More than half of migraine sufferers rely on over-the-counter pain relievers or simply tough it out with no drugs at all to treat their migraine headache. Over 40 percent have never used preventative therapies such as propranolol (Inderal), topiramate (Topamax), and divalproex sodium (Depakote) to treat a migraine attack, although these drugs have been proven to significantly decrease migraine occurrence, severity, and duration. And an estimated 60 percent use over-the-counter treatments only to ease the pain of migraine. Overuse of some OTC treatments can result in rebound headaches, resulting in a constant cycle of headache pain.
With such effective treatments available to ease this debilitating condition, why do so many people continue to suffer the pain and poor quality of life associated with migraine? Sometimes, migraineurs who have had a bad previous experience with a doctor or course of drugs will attempt to self-treat the condition. The patient may discontinue a medication due to side effects, unaware that dosage adjustments or other medications are an option. Or, the patient and doctor may not be up-to-date on the available therapies. Understanding the nature of your condition and the choices available to you are key to getting the best possible care.
Migraine is classified by two major types -- migraine with aura and migraine without aura. An aura is a group of changes that proceed a migraine headache, including visual, sensory, and cognitive changes. Both types share some common features, including a duration of roughly four to seventy-two hours and a one-sided, pulsating headache that worsens with even light physical activity.
Around 80 percent of migraineurs have migraine without aura, also called common migraine. Their headache begins without the "early warning system" of the aura. However, some people with this type of migraine may experience a prodrome -- a group of physical and/or emotional symptoms occurring up to seventy-two hours before a migraine headache.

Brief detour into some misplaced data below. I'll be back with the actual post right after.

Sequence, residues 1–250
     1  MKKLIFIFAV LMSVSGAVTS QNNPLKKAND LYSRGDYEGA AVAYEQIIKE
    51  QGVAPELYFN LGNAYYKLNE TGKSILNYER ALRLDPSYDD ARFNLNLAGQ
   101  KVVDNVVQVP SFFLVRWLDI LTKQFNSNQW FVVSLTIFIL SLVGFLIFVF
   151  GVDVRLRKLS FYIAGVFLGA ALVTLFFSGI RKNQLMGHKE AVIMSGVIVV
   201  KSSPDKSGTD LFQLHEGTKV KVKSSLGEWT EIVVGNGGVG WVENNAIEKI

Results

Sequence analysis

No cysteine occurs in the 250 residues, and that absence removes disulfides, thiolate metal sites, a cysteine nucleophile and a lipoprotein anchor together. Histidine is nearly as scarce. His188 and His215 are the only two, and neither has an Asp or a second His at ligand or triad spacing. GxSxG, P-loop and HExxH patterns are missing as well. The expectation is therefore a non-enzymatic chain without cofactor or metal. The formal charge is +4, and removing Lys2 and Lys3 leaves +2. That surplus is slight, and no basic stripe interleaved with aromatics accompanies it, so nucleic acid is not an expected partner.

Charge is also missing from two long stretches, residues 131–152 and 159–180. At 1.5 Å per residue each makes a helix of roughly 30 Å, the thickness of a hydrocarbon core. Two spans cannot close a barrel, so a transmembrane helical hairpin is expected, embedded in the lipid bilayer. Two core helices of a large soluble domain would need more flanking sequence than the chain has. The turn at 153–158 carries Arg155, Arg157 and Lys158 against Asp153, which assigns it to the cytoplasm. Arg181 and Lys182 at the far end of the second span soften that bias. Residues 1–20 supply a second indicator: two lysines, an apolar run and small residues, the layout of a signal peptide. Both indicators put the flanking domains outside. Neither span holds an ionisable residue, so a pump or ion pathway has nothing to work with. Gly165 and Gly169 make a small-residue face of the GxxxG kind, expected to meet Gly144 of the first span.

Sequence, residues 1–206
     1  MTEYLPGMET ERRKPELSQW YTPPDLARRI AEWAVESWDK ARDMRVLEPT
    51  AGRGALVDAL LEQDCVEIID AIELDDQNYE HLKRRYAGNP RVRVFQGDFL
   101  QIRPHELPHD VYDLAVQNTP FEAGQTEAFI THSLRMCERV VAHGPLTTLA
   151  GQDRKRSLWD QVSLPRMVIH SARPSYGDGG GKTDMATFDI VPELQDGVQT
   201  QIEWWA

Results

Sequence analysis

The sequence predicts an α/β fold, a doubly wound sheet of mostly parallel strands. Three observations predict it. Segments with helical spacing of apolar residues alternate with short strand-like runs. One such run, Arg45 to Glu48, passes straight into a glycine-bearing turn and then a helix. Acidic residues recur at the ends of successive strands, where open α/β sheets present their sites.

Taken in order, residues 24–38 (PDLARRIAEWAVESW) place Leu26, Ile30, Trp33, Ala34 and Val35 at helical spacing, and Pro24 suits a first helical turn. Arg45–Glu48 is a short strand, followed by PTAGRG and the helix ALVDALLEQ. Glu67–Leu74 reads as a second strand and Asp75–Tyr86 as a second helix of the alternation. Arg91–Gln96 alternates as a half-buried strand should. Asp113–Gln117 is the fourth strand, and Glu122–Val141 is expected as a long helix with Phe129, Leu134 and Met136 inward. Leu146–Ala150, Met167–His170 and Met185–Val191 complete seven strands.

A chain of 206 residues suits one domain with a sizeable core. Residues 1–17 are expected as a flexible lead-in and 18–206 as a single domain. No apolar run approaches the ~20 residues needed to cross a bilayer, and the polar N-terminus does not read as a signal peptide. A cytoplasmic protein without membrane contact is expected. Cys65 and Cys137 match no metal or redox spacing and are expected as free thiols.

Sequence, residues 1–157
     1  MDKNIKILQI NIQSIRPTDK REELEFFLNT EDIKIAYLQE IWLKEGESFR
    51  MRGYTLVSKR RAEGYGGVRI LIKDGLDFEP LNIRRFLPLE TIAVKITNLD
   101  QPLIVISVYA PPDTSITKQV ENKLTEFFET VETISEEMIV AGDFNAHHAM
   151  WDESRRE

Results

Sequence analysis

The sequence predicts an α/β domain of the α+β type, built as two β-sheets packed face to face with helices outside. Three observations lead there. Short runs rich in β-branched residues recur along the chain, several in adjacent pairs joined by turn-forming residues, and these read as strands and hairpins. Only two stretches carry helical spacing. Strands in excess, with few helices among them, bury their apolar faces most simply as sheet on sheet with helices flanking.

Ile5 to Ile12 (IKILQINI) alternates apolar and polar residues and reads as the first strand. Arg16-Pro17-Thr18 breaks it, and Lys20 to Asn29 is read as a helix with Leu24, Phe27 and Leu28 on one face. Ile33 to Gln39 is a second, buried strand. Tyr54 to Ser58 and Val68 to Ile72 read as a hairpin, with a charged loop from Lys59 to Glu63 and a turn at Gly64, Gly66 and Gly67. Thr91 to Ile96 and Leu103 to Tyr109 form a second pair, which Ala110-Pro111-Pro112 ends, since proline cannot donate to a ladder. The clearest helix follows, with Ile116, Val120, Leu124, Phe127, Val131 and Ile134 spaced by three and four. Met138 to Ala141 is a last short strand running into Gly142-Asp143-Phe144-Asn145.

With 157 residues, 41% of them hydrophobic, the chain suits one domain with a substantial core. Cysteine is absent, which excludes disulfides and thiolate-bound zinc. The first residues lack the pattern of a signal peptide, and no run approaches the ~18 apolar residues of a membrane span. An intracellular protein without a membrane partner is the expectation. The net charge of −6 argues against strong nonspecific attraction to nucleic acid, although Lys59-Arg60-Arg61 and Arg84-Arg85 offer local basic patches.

There are some uncommon health conditions that may mimic migraine with aura. For this reason, your physician will take a complete health history and perform a physical and neurological exam to rule out other causes of aura and headache.
There are several less common classes of migraine that fall outside of the two major classes described previously. These are:
Basilar Migraine: A migraine with aura causing neurological dysfunction in the area of the brain supplied by the basilar artery, the brainstem. It has a specific aura profile, and the migraine pain affects both sides of the head.
Familial Hemiplegic Migraine: A severe but rare migraine with aura that causes weakness or paralysis on one side of the body and can result in coma.
Retinal (or Ocular) Migraine: A rare type of migraine associated with blindness or blurred vision in one eye for an extended period (to be distinguished from typical migraine aura which upon careful assessment involves the same points in the visual field of both eyes for five to thirty minutes). (Tests have shown that lens replacement surgery or laser eye surgery may have some benefits in this regard.)
Abdominal Migraine: Most common in children, abdominal migraine is characterized by bouts of abdominal pain, nausea, and vomiting that can last for up to seventy-two hours.
Migraine Aura Without Headache: In this type of migraine, the typical visual and neurological symptoms of aura occur, but there is no headache that follows.